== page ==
Lipsit (Plaintiff) sued his former employer (Leonard) under an employment arrangement that consisted of a series of annual letter agreements and, according to Plaintiff, a number of specific oral promises promising the Plaintiff future partial ownership.
New York allows an action to be maintained and parol evidence to be introduced, although the promise itself cannot be enforced, where the relief sought is rescission or restitution.
New York also clearly allows an action for tort money damages based upon oral fraudulent promises and misrepresentations which induced the written agreement and permits parol evidence to establish the same.
In actions for money damages for fraud in the inducement, the measure of money damages is indemnity for the actual money loss sustained. Therefore, the contract with the addition of the oral promises cannot be enforced in a tort action in fraud for money damages.
The Plaintiff worked for the Defendant for nearly eight years under a series of annual letter agreements, which provided for a “more permanent relationship including partial ownership” if the relationship was mutually satisfactory. However, nothing was done to augment the relationship until Defendant made a proposal in 1968 that Plaintiff found fiscally impossible to accept.
Plaintiff’s employment was terminated in 1969, and he alleged breach of oral contractual promises, as well as a tort claim based on fraud. Plaintiff claimed that Defendant never intended to keep his oral promises at the time he made them, which amounted to misrepresentation of an existing fact, and fraud in the inducement to enter into several employment agreements.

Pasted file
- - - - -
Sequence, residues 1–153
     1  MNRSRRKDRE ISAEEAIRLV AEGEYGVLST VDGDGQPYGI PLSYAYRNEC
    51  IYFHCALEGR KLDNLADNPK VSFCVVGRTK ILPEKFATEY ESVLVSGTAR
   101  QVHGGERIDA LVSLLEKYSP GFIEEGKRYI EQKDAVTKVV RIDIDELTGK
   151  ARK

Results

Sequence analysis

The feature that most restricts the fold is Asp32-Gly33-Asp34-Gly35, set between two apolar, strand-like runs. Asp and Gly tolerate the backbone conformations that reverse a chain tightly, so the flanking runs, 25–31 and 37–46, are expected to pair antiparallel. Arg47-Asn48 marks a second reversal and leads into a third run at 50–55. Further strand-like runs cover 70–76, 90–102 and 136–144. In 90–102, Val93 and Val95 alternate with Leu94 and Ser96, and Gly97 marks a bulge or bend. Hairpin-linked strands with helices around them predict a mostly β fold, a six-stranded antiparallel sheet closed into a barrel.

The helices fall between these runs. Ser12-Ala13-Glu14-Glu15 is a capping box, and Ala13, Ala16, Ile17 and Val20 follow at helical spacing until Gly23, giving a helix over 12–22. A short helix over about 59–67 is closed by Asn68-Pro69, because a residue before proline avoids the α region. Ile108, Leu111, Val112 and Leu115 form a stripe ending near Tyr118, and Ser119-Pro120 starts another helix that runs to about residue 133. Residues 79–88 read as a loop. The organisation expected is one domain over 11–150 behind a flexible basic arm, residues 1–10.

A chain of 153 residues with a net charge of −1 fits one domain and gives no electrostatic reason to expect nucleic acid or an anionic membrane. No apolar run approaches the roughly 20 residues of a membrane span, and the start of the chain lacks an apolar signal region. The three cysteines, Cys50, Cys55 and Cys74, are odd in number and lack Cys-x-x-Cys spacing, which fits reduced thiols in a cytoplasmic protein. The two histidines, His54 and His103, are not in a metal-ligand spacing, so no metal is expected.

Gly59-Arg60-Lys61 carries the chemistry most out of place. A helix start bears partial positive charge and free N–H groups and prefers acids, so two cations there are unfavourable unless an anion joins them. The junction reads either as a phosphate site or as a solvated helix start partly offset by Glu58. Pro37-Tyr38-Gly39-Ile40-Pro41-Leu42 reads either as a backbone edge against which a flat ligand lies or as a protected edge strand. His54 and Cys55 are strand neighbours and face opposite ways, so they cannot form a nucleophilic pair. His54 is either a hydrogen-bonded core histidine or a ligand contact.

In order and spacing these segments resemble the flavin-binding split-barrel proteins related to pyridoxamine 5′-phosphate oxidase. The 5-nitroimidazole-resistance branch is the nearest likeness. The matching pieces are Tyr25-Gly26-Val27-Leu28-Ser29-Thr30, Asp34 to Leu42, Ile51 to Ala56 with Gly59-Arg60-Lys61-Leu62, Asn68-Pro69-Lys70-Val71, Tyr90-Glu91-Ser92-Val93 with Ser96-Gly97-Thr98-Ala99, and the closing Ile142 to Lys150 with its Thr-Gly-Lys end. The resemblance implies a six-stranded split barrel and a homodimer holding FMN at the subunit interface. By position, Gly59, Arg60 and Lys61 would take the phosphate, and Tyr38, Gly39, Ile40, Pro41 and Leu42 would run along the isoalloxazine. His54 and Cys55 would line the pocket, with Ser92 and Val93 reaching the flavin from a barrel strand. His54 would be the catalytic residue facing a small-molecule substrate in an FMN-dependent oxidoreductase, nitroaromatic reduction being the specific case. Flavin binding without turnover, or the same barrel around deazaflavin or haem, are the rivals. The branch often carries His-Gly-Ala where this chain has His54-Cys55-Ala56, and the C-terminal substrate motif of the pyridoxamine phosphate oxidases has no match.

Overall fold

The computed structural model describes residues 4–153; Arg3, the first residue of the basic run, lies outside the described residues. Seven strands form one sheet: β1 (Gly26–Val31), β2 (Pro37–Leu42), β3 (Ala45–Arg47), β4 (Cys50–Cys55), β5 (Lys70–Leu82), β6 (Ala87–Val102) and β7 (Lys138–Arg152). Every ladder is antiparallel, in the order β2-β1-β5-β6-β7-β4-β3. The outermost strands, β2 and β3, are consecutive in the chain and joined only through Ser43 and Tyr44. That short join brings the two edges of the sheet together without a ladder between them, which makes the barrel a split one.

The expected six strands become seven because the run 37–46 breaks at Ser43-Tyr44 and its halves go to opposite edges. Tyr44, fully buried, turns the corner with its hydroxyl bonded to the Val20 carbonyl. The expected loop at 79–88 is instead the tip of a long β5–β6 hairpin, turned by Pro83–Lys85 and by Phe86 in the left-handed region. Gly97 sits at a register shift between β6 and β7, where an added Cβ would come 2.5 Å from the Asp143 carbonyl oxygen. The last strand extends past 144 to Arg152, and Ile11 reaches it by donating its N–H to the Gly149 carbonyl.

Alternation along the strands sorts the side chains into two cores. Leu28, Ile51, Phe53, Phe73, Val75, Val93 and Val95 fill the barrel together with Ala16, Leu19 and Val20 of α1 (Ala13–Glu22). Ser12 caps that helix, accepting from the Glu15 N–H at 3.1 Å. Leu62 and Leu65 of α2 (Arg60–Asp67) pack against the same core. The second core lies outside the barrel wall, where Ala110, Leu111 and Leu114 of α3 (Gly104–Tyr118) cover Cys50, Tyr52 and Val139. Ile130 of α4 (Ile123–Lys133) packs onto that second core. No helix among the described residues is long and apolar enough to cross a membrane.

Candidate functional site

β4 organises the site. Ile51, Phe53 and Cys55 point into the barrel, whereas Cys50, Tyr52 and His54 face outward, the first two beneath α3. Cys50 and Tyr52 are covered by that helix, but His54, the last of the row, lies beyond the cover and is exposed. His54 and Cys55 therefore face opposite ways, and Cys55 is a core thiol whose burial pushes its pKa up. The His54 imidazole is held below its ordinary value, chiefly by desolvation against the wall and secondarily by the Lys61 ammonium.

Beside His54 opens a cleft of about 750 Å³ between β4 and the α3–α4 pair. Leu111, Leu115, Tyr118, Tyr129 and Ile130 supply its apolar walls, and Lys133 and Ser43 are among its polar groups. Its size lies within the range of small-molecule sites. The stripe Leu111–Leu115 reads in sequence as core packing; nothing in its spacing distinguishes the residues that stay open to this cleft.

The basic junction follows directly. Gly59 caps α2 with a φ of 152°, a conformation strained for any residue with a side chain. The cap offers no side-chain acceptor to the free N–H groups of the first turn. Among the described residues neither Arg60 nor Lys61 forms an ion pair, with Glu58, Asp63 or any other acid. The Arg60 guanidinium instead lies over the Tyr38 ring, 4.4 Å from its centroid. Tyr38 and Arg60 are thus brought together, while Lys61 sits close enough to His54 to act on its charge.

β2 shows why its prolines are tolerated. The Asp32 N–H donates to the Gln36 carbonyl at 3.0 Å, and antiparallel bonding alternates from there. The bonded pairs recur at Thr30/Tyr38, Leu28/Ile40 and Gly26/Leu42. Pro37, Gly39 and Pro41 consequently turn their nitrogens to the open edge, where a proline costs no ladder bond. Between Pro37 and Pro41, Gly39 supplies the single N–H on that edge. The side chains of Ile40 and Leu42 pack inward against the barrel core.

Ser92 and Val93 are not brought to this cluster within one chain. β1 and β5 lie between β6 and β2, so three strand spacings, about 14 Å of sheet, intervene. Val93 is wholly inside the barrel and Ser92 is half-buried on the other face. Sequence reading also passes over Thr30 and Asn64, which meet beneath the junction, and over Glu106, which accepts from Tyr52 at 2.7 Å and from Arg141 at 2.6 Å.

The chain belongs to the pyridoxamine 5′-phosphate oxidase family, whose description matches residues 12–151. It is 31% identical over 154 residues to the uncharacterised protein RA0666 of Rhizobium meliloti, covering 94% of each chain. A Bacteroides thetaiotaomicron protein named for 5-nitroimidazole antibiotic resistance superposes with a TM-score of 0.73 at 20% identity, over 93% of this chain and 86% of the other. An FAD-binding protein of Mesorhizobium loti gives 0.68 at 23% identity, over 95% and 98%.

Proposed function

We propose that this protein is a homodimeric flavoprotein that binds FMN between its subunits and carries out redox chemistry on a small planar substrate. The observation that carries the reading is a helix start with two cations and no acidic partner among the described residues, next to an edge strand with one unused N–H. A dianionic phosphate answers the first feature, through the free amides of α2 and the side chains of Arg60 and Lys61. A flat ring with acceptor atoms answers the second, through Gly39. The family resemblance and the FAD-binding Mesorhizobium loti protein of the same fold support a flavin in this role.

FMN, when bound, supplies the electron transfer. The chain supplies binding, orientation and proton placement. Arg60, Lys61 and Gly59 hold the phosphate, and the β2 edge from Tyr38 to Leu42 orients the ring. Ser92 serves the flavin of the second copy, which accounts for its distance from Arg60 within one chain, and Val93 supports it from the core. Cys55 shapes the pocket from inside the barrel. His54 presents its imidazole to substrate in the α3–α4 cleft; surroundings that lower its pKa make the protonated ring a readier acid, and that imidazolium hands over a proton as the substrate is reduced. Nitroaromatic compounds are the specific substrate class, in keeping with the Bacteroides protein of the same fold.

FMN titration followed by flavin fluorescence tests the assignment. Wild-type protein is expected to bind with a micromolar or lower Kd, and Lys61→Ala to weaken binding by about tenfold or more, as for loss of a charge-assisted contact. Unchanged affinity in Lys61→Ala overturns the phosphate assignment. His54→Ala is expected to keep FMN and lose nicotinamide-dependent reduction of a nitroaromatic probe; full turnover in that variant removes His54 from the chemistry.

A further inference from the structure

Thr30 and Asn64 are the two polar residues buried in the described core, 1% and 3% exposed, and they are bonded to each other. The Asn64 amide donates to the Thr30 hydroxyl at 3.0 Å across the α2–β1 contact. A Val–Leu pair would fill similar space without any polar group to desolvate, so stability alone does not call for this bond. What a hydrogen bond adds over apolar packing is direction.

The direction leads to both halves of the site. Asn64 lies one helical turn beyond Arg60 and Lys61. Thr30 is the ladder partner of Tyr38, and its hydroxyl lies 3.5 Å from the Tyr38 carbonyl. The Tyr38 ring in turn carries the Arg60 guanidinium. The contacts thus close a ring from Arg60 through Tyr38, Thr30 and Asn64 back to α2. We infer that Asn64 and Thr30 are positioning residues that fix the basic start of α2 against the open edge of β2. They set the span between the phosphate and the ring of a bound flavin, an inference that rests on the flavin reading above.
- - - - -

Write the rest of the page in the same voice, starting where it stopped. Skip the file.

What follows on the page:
Defendant moved for summary judgment upon the entire complaint. Summary judgment was granted by the Law Division and affirmed by the Appellate Division.
Could the action be maintained when the promise itself could not be enforced under the parol evidence rule?
The trial court should not have granted summary judgment on the tort cause of action in fraud.
· While the Plaintiff may have a difficult time not only in establishing out of pocket damages specifically enough, but in proving sufficiently precise oral promises of equity ownership in the business in light of the written agreements, he is entitled to try if he wishes.
The Plaintiff was not seeking to enforce the contract, under which the parol evidence rule would have barred the introduction of his oral agreements with the Defendant. Rather, the Plaintiff was seeking to introduce the oral evidence to establish fraud in the inducement of the employment contract. The New York rule on the available relief and proper measure of damages in an action grounded upon fraud in the inducement allows introduction of evidence regarding oral promises.